Three Chargers With The Most To Prove In Training Camp
The buzz surrounding the Jack Hammett Sports Complex is palpable as the Los Angles Chargers opened their training camp this past Wednesday. With OTA’s in the rearview mirror, now is time for the tough decisions to be made. The Chargers currently have 86 players on the roster which must be trimmed down to 53 before the start of the regular season. First-year Head Coach Brandon Staley will have 17 practices and three preseason games to make his evaluations. With training camp now in full swing, which three players have the most to prove if they hope to be part of the final 53-man roster?
The Chargers’ receiving corp is loaded with Keenan Allen and Mike Williams representing the superstar tandem at the top of the depth chart. Jalen Guyton and Tyron Johnson were some of Justin Herbert’s favorite targets last season and when you add in rookie Josh Palmer to the mix, you have a very versatile group of wideouts.
2020 seventh-round draft pick K.J. Hill made some noise last offseason and was on track to be a big part of the Chargers offense. Unfortunately for Hill, his steady hands which allowed him to set the program record for receptions at Ohio State didn’t follow him to the NFL. He finished the season with seven catches for 73 yards which is totally reasonable from a rookie. What is not acceptable is having two drops on only 11 total targets.
What this receiving room really needs is a “run after catch” specialist with some return ability. The front office drafted Hill with the thought that he would be able to develop into that player and in his first season, he simply did not show that. Now he’s buried even further on the depth chart and will have to fend off the likes of Austin Proehl, Joe Reed, Jason Moore, John Hurst, and Michael Bandy. Hill’s best bet to secure a spot on the final roster is to lock down the punt return job which he does have experience with (12 ret, 83 Yds). However, the word coming out of training camp is that Proehl has been the first to field punts which might suggest he is the front runner to earn that spot. General Manager Tom Telesco does love his draft picks but that might be the only thing that bodes well for Hill right now.
Rebuilding the offensive line has been a focal point all offseason long and the front office has done a masterful job. The Chargers made Corey Linsley the highest-paid center in the league and inked guards Matt Feiler and Oday Aboushi in free agency. Then the Bolts added Rashawn Slater in the draft to shore up the blindside. Last year’s starter at right tackle returns in Bryan Bulaga but the depth behind the starters, especially at the tackle position, is a bit concerning.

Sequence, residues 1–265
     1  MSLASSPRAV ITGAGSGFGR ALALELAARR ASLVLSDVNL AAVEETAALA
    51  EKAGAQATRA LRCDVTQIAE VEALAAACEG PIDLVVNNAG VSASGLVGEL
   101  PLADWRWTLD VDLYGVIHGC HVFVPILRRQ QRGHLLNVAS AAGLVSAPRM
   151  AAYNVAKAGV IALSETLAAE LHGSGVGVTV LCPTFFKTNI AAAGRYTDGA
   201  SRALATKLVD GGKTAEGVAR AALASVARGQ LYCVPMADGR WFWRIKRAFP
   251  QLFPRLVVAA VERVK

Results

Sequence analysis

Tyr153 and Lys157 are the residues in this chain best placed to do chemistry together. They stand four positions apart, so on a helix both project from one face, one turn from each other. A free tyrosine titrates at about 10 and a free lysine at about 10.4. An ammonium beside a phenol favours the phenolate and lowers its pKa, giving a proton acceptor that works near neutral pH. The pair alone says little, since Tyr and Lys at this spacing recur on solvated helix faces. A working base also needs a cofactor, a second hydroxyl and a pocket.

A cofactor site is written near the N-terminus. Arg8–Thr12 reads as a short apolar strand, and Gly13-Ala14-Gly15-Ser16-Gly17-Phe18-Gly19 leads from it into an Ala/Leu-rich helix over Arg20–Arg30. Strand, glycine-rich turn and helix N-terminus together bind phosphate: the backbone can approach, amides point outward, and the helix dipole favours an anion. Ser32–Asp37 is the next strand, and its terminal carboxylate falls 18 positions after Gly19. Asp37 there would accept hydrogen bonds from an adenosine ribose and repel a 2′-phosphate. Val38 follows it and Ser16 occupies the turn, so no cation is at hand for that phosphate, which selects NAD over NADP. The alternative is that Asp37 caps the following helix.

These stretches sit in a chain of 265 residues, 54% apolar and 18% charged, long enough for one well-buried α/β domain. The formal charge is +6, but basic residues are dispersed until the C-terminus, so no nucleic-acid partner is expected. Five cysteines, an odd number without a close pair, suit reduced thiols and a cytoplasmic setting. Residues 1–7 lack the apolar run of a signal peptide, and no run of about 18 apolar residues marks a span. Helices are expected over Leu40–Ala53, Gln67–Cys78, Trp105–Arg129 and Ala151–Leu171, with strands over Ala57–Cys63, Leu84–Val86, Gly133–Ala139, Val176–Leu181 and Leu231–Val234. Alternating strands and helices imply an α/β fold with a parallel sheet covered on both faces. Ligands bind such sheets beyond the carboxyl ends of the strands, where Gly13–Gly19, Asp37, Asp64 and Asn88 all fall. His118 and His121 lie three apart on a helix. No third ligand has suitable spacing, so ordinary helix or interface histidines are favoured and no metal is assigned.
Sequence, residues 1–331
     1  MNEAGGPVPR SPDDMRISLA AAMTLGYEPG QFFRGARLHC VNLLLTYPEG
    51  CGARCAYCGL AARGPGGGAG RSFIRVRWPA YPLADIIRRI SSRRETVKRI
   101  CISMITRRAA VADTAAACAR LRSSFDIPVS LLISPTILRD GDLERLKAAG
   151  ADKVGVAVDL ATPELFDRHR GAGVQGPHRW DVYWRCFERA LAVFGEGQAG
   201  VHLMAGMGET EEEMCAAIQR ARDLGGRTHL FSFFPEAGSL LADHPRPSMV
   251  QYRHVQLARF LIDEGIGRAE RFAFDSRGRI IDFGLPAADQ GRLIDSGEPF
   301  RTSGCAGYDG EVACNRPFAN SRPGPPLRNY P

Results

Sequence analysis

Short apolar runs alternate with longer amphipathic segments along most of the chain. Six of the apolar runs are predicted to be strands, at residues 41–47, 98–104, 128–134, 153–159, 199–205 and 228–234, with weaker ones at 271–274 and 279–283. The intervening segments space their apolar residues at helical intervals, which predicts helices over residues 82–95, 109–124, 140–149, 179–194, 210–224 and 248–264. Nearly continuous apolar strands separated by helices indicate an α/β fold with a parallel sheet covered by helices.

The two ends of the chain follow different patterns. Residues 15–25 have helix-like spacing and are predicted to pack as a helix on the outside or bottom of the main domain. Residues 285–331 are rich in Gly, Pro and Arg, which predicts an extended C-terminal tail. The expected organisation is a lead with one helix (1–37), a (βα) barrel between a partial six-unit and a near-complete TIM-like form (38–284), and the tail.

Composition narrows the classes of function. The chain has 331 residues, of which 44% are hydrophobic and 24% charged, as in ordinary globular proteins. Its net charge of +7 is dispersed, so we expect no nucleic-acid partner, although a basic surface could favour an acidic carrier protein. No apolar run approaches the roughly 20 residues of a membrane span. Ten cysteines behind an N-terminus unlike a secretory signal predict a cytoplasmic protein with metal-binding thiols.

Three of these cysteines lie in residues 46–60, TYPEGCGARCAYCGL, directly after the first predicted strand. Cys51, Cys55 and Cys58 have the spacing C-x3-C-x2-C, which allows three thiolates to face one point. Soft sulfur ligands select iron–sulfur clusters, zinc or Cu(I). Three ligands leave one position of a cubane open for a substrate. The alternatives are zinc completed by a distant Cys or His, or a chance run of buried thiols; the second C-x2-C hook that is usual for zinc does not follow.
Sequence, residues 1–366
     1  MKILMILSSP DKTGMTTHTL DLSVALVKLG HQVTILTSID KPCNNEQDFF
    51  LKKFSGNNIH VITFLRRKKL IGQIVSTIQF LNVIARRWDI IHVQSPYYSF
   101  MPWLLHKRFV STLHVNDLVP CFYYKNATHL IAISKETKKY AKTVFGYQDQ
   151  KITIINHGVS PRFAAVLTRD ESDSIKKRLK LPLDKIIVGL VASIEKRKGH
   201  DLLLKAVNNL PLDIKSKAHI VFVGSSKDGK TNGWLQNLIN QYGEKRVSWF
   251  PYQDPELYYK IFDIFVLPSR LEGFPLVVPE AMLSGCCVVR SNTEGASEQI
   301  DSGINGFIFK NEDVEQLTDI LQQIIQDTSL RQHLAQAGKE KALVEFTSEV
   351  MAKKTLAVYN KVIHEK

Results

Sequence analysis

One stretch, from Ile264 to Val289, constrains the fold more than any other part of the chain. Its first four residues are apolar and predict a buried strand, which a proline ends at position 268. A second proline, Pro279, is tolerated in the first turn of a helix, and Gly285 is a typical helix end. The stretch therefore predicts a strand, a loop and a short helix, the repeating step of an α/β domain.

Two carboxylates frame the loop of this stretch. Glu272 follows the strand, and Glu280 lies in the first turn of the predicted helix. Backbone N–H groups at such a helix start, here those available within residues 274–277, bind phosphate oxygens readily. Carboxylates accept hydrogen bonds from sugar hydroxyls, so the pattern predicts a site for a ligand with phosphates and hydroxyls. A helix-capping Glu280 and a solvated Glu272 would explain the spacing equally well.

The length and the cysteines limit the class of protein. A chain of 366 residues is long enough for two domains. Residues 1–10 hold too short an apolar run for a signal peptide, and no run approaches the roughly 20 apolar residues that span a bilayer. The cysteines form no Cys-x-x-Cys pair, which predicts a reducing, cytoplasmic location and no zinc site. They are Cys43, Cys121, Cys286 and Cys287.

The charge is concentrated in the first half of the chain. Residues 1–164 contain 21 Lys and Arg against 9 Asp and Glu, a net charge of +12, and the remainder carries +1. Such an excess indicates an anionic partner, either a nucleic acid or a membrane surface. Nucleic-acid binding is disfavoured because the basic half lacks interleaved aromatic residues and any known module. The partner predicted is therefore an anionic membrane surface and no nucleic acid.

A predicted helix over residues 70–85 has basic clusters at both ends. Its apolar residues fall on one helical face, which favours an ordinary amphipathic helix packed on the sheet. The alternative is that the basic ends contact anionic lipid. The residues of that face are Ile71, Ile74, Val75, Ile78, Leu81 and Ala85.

Given the Charger’s recent injury history on the offensive line, expect Los Angeles to carry 10 players at the position. The team loves Trey Pipkins and he will definitely be back. As it stands now, Norton is slated to be the team’s backup at right tackle. He was the team’s highest-graded lineman last year (PFF Grade 65.1) but being the best guy on the worst unit doesn’t sound all that impressive. Norton’s play was admirable but at the same time left a lot to be desired.
Norton’s battle to make the roster will not be an easy one as he will have a lot of young talent to contend with. Firstly, fifth-round draft pick Brenden Jaimes has the versatility to kick outside and should be in the running at swing tackle. The team also has undrafted free agents Kyle Spalding and Darius Harper who are chomping at the bit to crack the rotation. On paper, Norton seems to be the odd man out and will need a big camp if he hopes to don the Powder Blue next season.
Emeke Egbule is a player who doesn’t really have a set position and was horribly misused in the Gus Bradley system. At 6-foot-2, 240-pounds Egbule is caught in that defender purgatory somewhere between defensive end and linebacker. His upside lies in his versatility and ability to play all over the formation, but it is hard trying to find a place for Egbule on this current Chargers roster.
Egbule has appeared in 29 games over the past two seasons, taking most of his snaps as an off-ball linebacker and on special teams. Despite experience at the position, Egbule never looked comfortable playing that role. It also doesn’t help his case that the Chargers seem to have a lot of untapped potential at linebacker. A healthy Drue Tranquill returns to the fold and will join Kenneth Murray and Kyzir White as the starters. Nick Niemann was taken in the sixth round to provide some depth while undrafted free agent Amen Ogbongbemiga has impressed the coaching staff throughout OTA’s. That doesn’t leave any room for Egbule there, but what about using him as a pass-rusher?
The Chargers pass-rush depth behind perennial Defensive Player of the Year Candidate Joey Bosa is an area that many analysts have pegged as one of the team’s bigger flaws. Three-year veteran Uchenna Nwosu has been waiting his entire career to crack the starting lineup and expects to see a career year from the former USC product. The team also brought in free agent Kyler Fackrell and drafted Chris Rumph II out of Duke. Those two players really emerged from the pack in OTA’s, quickly demanding attention from the coaching staff and drastically hurting Egbule’s chance of making the final 53. The Chargers special team’s unit has been horrendous in recent years but Egbule doesn’t really have the athleticism you are looking for from a coverage team player. It’s much more likely he is delegated to the practice squad.